Later we see another victim, a small boy Alex Kintner playing in the water on a floating device, when suddenly we see him from a distance flailing his arms around as blood is gushing from him, what did we see right before that? Was that a fin? A tail?, I’m not quite sure, suddenly everyone rushes out of the water, and we see Alex’s mother calling his name.  We then cut to the now deflated floating device Alex was on, chewed up washed  on the shore.

This is the brilliance of “Jaws” and something that is basically forgotten in our modern blockbusters, we are never shown the whole picture, what we are being shown are fragments of film, enough to tell a story, but able to keep it a mystery to the audience. What makes “Jaw” so scary, at least in the first hour and twenty minutes is we make up in our minds what we are seeing, our imagination is picturing the worst monster imaginable, and when we finally get a glimpse of the 25 inch great white shark revealing  itself to an oblivious Roy Scheider as he’s dishing out fish guts over the side of a boat, we realize it’s as bad as we thought, and our heroes really do need to get a bigger boat.

There is a lot happening in “Jaws” but it is at its core a very basic monster movie. Steven Spielberg who, proving his talent in his iconic tv movie “Duel” which was about a common man being chased down the highway by a killer semi-truck, can really milk the suspense by showing us only what we need to see. He also benefits by having a really compelling trio of leading men.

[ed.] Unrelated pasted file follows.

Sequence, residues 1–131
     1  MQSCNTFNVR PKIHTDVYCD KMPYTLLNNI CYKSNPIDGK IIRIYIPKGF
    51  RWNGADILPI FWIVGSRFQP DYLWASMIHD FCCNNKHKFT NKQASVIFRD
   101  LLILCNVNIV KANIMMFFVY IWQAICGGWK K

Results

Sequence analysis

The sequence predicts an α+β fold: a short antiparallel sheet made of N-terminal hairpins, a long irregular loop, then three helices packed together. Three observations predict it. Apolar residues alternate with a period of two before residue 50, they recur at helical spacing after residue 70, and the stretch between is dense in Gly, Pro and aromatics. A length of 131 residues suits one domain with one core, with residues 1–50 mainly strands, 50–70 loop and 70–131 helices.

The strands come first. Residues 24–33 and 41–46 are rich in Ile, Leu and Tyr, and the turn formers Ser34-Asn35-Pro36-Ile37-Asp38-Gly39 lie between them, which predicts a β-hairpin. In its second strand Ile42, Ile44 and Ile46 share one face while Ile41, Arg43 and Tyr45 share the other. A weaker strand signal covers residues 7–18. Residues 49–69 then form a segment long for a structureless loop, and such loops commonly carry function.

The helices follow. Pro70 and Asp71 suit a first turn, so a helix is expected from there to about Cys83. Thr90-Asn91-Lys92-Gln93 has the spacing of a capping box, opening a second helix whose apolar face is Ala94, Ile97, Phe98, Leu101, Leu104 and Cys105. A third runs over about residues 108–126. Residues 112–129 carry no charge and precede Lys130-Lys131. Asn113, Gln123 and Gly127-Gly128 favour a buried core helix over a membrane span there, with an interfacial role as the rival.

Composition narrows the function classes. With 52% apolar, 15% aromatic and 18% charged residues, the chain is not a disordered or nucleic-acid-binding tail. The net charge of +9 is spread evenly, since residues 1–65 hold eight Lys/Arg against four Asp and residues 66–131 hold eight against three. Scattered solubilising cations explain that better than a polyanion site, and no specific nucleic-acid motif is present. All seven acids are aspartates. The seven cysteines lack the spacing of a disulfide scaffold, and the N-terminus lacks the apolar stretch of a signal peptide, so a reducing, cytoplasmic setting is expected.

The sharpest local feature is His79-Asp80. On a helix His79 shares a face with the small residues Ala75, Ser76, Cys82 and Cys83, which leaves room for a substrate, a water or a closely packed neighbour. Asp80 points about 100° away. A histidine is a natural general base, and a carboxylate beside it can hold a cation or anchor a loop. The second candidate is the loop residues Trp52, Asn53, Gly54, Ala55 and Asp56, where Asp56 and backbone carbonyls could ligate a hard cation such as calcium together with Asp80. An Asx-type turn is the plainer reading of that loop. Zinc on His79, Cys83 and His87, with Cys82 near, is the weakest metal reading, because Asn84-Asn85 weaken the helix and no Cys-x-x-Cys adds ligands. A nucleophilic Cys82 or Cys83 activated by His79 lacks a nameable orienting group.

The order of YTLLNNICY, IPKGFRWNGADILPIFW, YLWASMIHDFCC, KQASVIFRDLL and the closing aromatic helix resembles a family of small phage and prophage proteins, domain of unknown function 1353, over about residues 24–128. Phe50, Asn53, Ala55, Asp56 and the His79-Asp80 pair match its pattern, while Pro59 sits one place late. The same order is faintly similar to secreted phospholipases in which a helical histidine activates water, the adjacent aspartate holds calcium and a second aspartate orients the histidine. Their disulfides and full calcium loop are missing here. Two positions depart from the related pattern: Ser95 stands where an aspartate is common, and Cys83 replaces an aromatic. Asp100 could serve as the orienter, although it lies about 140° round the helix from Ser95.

As Chief Brody, a man really out of his element, hating the water, and used to dealing with New York street crime, Roy Scheider gives a terrific performance, he really speaks for the audience, like him we feel worried for everyone’s safety, and overwhelmed by the shear awsomeness of the shark.

Richard Dreyfuss plays Matt Hooper, a young keen scientist and shark expert. Hooper is basically the scientist who, if this were a 50s sci-fi monster movie would be there to explain all the science jargon for the audience to explain, yet “Jaws” is all too smart for that and plucks Hooper from a 1970s counterculture giving him a shaggy beard and a hyper confidence and youthful spirit.